Assess the view that the development of global financial markets has been the principal source of globalisation. In so far as the contemporary “globalising” world has derived its characteristics from the era of telephony and long-distance communications, there is not much to say about the emergence of the global financial market as the lead player in its evolution.
However, the impetus given by the invention of these methods only took the fledgling international scene to a particular stage in its evolution: the thirst for profit and its subsequent implications for the world of monetary transactions provided the foundations for the global arena as we know it today. Globalisation has taken off predominantly in the last century, with the main fuel being sources of lucrative investment opportunities and the reduction of capital-penalising regulation (e.g. corporation tax and transaction costs).
Yet the wider implications of the growth in the financial architecture on the “global state” are more devious than would at first appear, and it is the aim of this essay to describe the circumstances of its rise and the state of affairs as we see them today, in what is a truly integrated market. The International Economic Order was set up originally as a response to the expansion in trade and underpinned by a system of stable exchange rates.
It has been designed to avoid the perceived rigidities associated with the nineteenth century Gold Standard and the experience of large, undisciplined currency manipulations which had come to the fore especially during the Great Depression in the late twenties and early thirties. It was conceived as being a conscious effort to reduce the impediments to direct foreign investment, displaying the neo-liberalist tendencies that would carry much of international relations forward over large parts of the ensuing century.
The evidence of the following years however, was one of growth in financial swings and the hedging of legitimate business risks versus pure gambling. There is no doubt that this was the leading factor behind the increase in cross-border markets for short-term capital becoming increasingly erratic in the latter part of the twentieth century, where many transactions took on lives of their own.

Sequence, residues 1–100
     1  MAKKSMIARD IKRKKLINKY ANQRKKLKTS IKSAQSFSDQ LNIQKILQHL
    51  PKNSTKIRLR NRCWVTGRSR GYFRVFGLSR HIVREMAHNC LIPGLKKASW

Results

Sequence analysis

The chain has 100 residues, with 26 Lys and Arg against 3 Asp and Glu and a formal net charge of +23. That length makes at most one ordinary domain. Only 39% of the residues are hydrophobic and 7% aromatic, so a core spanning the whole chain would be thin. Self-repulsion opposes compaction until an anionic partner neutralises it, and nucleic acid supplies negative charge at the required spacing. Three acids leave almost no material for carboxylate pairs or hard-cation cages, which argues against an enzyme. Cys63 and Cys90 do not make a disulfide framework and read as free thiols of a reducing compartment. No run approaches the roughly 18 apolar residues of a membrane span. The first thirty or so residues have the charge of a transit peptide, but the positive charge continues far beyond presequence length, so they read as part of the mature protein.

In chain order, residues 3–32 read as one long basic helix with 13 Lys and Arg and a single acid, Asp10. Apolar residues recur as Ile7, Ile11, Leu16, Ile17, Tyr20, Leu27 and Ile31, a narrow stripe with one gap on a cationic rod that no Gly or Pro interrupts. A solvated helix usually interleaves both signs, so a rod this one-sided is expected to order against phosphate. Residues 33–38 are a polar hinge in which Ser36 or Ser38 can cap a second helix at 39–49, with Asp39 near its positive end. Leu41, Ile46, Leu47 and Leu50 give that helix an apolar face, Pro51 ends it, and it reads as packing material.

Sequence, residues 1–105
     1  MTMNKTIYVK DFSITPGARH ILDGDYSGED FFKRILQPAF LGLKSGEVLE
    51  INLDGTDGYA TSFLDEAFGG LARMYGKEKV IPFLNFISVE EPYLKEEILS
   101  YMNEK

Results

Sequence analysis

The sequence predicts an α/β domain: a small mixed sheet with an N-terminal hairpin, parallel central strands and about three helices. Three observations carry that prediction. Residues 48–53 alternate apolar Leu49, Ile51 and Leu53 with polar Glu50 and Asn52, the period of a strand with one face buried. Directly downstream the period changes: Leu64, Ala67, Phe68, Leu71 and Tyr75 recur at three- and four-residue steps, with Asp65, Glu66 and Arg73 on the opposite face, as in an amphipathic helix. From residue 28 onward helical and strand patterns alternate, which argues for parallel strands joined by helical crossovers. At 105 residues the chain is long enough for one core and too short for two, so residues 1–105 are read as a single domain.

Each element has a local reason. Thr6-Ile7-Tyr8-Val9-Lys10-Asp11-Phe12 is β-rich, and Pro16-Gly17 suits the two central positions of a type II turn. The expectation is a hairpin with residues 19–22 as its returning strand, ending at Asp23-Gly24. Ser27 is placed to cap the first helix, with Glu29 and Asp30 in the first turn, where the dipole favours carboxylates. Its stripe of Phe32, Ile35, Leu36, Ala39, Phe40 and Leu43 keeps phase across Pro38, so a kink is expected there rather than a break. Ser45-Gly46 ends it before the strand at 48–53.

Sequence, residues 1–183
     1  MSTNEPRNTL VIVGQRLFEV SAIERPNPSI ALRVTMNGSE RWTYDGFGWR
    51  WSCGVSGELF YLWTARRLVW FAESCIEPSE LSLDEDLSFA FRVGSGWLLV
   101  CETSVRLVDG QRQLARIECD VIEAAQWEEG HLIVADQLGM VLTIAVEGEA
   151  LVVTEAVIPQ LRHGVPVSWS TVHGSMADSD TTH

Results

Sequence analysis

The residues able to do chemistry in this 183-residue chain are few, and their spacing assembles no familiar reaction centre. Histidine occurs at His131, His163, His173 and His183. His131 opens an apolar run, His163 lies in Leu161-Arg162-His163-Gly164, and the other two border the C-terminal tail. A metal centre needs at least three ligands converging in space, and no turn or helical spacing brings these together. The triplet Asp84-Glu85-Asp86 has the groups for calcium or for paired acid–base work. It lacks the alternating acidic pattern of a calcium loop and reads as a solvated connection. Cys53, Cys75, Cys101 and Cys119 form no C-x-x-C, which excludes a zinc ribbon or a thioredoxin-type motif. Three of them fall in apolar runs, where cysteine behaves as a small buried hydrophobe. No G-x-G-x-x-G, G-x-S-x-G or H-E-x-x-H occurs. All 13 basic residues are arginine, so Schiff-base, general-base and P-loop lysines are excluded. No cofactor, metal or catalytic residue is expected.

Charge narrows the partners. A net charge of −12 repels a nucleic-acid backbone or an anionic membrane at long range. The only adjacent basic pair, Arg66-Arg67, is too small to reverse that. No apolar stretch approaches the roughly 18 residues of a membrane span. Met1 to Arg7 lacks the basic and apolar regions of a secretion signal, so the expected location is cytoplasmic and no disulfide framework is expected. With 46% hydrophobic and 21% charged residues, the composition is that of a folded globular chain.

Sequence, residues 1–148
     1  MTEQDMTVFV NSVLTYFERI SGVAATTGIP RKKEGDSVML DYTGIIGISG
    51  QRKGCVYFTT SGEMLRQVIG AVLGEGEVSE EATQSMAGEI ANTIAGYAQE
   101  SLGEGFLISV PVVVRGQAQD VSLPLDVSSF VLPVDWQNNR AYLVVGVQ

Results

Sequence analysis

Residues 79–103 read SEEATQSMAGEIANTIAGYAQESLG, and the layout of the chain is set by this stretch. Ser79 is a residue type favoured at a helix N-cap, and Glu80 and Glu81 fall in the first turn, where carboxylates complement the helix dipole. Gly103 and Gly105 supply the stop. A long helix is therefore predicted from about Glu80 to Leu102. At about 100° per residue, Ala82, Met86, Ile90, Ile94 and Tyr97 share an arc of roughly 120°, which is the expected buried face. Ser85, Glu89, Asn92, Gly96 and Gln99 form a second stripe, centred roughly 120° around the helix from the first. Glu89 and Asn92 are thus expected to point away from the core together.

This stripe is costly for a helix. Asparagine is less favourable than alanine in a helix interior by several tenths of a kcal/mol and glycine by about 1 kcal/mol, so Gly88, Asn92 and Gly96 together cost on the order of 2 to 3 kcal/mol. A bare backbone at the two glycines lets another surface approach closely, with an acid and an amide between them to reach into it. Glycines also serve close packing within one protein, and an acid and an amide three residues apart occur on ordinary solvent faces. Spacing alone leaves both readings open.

The fundamental problem however, was not one of investors making profit, but the almost complete disconnection from political realities that was displayed and is still being displayed in global markets today. The encroachment on political avenues for individual states was a little different, but no less severe. It was quickly observed that opening markets up to the forces of global trading passed on the control-levers previously held by the governments of sovereign states to the whims of investors.
Exchange rates, internal prices (e.g. wages) and interest rates could not all be controlled simultaneously, and it was the decision of the State on whether to keep one in line over the other. This undoubtedly had a drastic impact on the atmosphere of political legitimacy within national boundaries, and meant that decisions as to the maintenance of independent, internal, macroeconomic policy or the maintenance of stable exchange rates, or even the restriction of inward and outward flows had to be weighed up and ranked according to importance.
It soon became evident that it was possible only to control two of these three arenas at most at any one time. Paradoxically, a willingness to compete for extra revenue by opening up one’s economy to global markets meant further restriction on domestic political legitimacy and overall political autonomy. The functions of the state diminished to those of the maintenance of social order and provision of welfare safety nets precisely in response to the search for greater financial clout on world markets.